The “Climate change mitigation opportunities in the energy sector for the Caribbean region” has been prepared as part of the implementation of the Caribbean Regional Subcomponent of the MEAs Program for Africa, the Caribbean and the Pacific (ACP MEAs)1. The study has being executed with the collaboration of a team of experts from CUBAENERGIA 2 and UNEP Risø Centre3. The objectives of the study are twofold, the provision of support to Caribbean Countries to actively consider participation in the Clean Development Mechanism (CDM); and the provision of value added information to decision makers in the region interested in linking energyclimate change benefits as part of the on-going and future scaling up efforts for Renewable Energy (RE) dissemination in the Caribbean. The study is based on an analysis of the mitigation potential in 16 countries in the Caribbean Region, due to the interconnection of renewable energy to the grid, the modeling of in-country energy sector development and its associated emissions for different scenarios; that include both the “business as usual” and “mitigation” due to the scaling up of Renewable Energy Technology. The study also looks at the experience from participation in the CDM in the region and narrows on some of the perceived institutional challenges, especially from the perspective of Programme of Activities (CDM PoA) development in the field of renewable energy for the Caribbean Region, as precursors for evolving mitigation activities (under broader climate finance opportunities), by looking in closer depth at two potential PoAs in the region. As well as many other SIDS 4, the Caribbean Countries are “heavily dependent on imported petroleum products, largely for transport and electricity generation. This is likely to continue in the short to medium term, however the efficiency of such use can be greatly increased through appropriate technology and national energy policies which promote more economic and environmentally beneficial energy use. Several constraints to the large-scale commercial use of renewable energy resources remain, including technology development, investment costs, available indigenous skills and management capabilities”. Seven of the countries in the area are currently members of the International Renewable Energy Agency (IRENA)5, with an additional three currently in the process of becoming members6. In this context, the electricity sector generation based on thermal fossil fuel based sources is in the order of 93.2% with renewable energy sources amounting to a mere 6.8% of total installed capacity (mainly from hydro resources in selected countries).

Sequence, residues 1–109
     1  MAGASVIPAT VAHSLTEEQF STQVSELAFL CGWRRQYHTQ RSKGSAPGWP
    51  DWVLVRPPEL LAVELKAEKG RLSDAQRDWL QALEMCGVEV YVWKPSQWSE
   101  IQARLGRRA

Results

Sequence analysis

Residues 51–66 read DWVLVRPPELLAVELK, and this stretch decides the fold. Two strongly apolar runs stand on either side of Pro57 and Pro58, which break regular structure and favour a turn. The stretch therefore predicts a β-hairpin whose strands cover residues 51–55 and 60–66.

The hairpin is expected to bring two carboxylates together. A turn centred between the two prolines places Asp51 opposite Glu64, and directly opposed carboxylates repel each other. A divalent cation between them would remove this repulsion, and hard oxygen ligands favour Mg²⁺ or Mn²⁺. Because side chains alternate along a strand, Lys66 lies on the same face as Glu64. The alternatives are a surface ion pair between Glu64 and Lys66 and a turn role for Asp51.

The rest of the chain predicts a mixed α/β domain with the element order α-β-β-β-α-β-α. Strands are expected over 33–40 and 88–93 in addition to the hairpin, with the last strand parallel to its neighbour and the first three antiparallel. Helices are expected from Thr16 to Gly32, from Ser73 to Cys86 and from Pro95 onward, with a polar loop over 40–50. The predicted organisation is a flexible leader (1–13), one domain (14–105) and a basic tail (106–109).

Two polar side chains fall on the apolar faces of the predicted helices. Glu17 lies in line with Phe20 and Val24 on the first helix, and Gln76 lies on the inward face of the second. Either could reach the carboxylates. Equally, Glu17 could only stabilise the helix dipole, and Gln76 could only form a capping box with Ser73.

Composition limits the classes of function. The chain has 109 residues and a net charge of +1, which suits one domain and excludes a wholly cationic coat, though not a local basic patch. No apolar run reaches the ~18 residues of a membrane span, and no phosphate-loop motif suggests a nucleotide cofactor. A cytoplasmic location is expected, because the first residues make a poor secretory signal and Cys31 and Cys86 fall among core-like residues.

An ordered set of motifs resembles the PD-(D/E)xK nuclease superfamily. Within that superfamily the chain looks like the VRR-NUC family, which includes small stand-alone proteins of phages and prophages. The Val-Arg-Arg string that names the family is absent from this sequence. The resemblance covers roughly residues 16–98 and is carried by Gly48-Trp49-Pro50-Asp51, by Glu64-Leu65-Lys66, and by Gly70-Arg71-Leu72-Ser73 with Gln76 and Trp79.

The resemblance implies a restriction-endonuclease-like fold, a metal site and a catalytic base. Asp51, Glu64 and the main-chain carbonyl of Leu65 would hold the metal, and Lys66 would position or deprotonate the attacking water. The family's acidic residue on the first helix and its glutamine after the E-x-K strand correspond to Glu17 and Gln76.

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UNEP Risø Centre on Energy, Climate and Sustainable Development. Department of Management Engineering. Technical University of Denmark (DTU), 2014